As we lurch toward our national day, if not hour, of reckoning with the federal debt ceiling, Congressional struggles have spawned what may be legislative philosopher’s stones. One of these is Senate Bill S.1735.IS, with the descriptive title of “Ending Excessive Corporate Deductions for Stock Options Act.”
The bill, introduced July 14, 2011, and co-sponsored by Senators Carl Levin (Dem.-Michigan) and Sherrod Brown (Dem.-Ohio), is offered as a means to reduce the federal deficit by $25 billion over ten years by, yep, the action suggested by its title. The Senators’ objection to the current state of stock option deployment is the resulting discrepancy between the expense a company books when options are granted and the deduction subsequently taken when the options are exercised. (This discrepancy does not occur in the case of, for example, cash, bonuses, or stock, where the deduction equals the book expense.) To use Senator Levin’s illustration, let’s say a company grants an executive options to buy 1 million shares (okay, he or she is probably the CEO) at $10 per share. The executive exercises the options 5 years later, when the market price is $30 per share. The executive will see a total of $20 million upon exercise, at which time the company will receive a deduction for the same amount of $20 million. This represents a sort of corporate windfall, since the company would have earlier booked the expense of the option at $10 per share, or $10 million. Senate Bill S.1735.IS seeks to excise this discrepancy.
- require the corporate tax deduction for stock option compensation not to exceed the stock option book expense shown on a corporation’s financial statement;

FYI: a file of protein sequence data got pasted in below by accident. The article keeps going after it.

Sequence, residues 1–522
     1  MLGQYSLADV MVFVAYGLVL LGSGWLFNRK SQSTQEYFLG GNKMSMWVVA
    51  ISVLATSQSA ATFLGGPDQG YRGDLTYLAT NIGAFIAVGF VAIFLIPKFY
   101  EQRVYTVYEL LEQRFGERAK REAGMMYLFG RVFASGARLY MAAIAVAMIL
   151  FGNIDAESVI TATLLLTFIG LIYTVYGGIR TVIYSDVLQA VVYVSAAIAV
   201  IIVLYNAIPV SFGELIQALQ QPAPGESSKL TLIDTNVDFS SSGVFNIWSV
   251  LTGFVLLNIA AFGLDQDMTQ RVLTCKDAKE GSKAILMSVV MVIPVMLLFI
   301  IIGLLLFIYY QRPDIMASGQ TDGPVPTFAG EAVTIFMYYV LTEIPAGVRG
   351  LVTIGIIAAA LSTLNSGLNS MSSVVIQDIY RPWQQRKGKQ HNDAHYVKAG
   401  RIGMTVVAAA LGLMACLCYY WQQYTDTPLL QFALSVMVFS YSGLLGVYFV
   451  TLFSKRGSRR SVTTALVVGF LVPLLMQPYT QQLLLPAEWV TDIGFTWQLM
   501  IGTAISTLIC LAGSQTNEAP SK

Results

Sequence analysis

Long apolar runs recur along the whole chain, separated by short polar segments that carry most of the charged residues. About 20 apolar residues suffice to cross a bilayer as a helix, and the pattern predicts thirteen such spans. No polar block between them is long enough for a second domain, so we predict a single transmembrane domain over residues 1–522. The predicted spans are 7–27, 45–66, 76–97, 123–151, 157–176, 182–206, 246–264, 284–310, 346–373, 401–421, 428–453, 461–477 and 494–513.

- allow corporations to deduct stock option compensation on their tax returns in the same year it is recorded on the corporate books, without waiting for the options to be exercised;
- ensure research tax credits use the same method for calculating stock option pay expenses when computing wages eligible for the tax credit;
- make no changes to stock option compensation rules for individuals, or for incentive stock options under Section 422 of the tax code which may be used by start-up companies and other small businesses;
- create a transition rule to ensure stock options granted before the enactment date are tax deductible; and
- make stock option deductions subject to the existing $1 million cap on corporate tax deductions for compensation paid to top executives of publicly held corporations.
Note the last of these. Stock options are the one form of compensation not yet subject to the $1 million deduction under Internal Revenue Code Section 162(m). The Levin-Brown bill would place options under the same limiting umbrella.
Will it fly? Well, this is Sen. Levin’s fifth at bat on the topic. Unless something has changed, it might suffer the same fate as before. However, we are now faced with a potentially seismic event – the downgrade of our sovereign debt – which may rearrange the deck chairs on our fiscal Titanic (here ends my threat of mixing metaphors). The fate of the bill may be different this time.
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